What we need in the Caucasus are leaders willing to follow the examples of Mr. Brandt and Mr. Putin, with the courage to show contrition and a willingness to meet with their former adversary and figure out a way to live together. We may be in for a long wait.

Peter Rutland is a professor of government at Wesleyan University in Middletown, Connecticut.

A version of this op-ed appeared in print on September 11, 2012, in The International Herald Tribune.


Source: New York Times

Oct 192001
 

“The Making of Nagorno-Karabagh:  From Secession to Republic”

Palgrave Publishers Ltd 2001
Edited by: 
Levon CHOBAJIAN

The first major territorial struggle in the late Soviet period involved Nagorno-Karabagh, an Armenian-inhabited territory that had been assigned to the Azerbaijan Soviet Socialist Republic in the early 1920s. Armenian protests calling for reunification with Armenia in 1988 led to Azerbaijani pogroms against Armenians and later to armed conflict that claimed over 20,000 lives. The struggle remains unresolved. A distinguished group of historians and social scientists analyze the Karabagh struggle in this unique volume, which covers one of the world’s strategic, oil-rich regions.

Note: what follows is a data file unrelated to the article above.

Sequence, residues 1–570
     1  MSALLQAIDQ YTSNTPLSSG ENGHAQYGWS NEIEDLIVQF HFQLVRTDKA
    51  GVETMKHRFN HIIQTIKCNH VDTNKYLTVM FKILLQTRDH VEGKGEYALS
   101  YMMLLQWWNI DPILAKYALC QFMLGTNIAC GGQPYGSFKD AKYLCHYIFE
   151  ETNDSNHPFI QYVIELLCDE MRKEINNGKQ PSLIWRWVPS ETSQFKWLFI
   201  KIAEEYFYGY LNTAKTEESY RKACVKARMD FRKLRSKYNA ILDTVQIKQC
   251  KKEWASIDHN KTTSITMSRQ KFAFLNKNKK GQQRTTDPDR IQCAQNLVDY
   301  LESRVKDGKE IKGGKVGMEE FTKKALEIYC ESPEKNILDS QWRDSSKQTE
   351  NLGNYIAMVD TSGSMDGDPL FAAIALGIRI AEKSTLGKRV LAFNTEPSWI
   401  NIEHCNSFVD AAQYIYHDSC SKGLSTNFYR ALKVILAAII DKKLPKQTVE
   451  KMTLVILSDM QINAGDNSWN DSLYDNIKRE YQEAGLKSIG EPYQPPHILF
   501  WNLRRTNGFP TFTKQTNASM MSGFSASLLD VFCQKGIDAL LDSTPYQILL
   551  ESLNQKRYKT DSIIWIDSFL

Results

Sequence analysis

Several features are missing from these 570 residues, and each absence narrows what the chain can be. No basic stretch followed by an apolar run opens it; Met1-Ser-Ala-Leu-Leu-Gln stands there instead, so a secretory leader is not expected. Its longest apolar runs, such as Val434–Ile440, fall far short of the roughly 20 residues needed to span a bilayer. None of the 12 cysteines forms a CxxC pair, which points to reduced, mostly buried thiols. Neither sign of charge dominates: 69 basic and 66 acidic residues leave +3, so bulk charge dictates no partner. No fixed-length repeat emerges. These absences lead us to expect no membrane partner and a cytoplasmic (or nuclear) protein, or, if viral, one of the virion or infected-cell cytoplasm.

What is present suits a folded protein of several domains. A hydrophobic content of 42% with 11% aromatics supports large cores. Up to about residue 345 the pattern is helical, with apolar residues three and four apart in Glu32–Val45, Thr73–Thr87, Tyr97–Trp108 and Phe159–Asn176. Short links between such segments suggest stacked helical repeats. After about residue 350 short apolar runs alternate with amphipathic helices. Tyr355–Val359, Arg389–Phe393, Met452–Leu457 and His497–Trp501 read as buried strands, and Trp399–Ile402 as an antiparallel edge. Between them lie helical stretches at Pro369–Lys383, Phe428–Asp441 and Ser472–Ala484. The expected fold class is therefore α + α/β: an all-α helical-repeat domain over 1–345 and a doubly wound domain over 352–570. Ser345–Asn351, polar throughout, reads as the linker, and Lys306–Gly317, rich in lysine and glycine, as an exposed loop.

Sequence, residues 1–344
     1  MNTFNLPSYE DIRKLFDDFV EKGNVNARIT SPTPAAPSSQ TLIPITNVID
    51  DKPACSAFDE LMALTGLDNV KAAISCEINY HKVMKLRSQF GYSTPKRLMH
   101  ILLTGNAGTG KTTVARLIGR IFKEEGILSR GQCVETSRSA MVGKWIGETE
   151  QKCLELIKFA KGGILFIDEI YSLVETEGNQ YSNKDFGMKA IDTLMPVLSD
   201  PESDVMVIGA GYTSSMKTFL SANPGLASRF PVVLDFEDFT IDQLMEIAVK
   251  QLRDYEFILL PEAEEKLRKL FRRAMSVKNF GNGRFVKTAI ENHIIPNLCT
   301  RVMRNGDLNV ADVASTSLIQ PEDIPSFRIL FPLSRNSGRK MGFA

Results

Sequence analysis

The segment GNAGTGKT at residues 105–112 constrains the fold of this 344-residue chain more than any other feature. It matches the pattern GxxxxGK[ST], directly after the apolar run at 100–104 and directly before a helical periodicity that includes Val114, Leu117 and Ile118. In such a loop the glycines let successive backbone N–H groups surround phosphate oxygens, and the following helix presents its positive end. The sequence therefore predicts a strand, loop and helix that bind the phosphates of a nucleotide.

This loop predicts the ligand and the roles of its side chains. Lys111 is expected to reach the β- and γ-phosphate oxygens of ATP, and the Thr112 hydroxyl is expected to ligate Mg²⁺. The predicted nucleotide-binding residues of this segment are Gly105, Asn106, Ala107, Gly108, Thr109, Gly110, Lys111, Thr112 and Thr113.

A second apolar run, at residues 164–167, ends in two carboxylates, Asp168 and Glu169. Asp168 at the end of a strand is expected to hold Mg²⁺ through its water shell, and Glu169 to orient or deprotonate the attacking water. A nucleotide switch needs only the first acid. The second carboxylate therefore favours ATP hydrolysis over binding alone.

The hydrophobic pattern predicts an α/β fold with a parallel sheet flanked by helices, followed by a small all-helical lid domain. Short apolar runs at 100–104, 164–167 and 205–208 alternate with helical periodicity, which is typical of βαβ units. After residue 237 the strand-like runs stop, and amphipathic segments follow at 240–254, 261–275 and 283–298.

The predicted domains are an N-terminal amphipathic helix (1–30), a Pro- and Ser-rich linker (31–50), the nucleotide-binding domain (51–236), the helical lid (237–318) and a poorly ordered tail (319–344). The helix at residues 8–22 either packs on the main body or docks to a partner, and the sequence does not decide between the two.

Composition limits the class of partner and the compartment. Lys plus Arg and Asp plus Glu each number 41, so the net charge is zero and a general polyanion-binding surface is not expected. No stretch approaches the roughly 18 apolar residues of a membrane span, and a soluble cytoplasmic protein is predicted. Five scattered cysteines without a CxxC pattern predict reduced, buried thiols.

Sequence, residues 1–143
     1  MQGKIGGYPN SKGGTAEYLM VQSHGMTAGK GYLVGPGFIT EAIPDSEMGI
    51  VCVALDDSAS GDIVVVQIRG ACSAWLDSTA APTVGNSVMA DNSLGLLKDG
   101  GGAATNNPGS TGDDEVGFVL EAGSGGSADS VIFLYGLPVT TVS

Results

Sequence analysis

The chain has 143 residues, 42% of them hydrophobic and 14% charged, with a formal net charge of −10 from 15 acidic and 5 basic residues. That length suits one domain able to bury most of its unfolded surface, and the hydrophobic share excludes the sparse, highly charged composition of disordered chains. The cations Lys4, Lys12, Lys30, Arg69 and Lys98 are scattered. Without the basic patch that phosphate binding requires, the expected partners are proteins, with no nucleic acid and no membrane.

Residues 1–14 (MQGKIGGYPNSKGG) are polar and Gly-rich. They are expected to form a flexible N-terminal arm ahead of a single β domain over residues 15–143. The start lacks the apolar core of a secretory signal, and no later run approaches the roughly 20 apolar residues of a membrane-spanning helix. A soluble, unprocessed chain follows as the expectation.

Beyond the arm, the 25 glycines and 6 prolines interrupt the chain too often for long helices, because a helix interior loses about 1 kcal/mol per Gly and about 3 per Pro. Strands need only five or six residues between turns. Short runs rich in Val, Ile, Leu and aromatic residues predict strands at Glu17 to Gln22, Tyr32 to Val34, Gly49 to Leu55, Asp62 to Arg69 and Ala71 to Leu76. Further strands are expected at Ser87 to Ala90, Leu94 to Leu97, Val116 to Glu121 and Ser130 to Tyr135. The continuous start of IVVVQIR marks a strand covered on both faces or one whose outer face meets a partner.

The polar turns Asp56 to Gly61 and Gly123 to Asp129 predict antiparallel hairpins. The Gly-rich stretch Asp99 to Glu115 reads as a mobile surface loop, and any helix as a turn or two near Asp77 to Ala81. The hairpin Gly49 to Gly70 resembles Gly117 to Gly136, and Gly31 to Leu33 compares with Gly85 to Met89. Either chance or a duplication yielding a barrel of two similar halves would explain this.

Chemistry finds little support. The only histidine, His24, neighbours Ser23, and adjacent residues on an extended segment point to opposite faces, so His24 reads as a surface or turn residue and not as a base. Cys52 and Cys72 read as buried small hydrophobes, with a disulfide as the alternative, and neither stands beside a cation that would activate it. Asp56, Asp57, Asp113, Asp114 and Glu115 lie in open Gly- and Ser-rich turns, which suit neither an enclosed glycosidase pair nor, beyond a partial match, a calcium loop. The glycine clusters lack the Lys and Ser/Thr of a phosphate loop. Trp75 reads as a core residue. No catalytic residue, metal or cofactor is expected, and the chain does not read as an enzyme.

A striking feature of the Karabagh conflict is the failure of the many OSCE, UN, and regional power mediation efforts to find a solution to the crisis. One of the major contributions of this volume is to provide a cogent analysis of these failures, which have to do with the inability to satisfy the legitimate security needs of the parties to the conflict.

The papers in this collection were delivered at a conference, “The Karabagh Movement: Ten Years After,” held in Cambridge, Massachusetts in May 1998. This conference, sponsored by the Zoryan Institute for Contemporary Armenian Research and Documentation and the Zoryan Institute of Canada, assembled some of the leading analysts of the region to assess the Karabagh Question in the decade since the eruption of the historic protests that saw hundreds of thousands of Armenians march in support of Karabagh.

Chapter Available Online: Chapter 1. Introduction, by Levon CHOBAJIAN © Continue reading »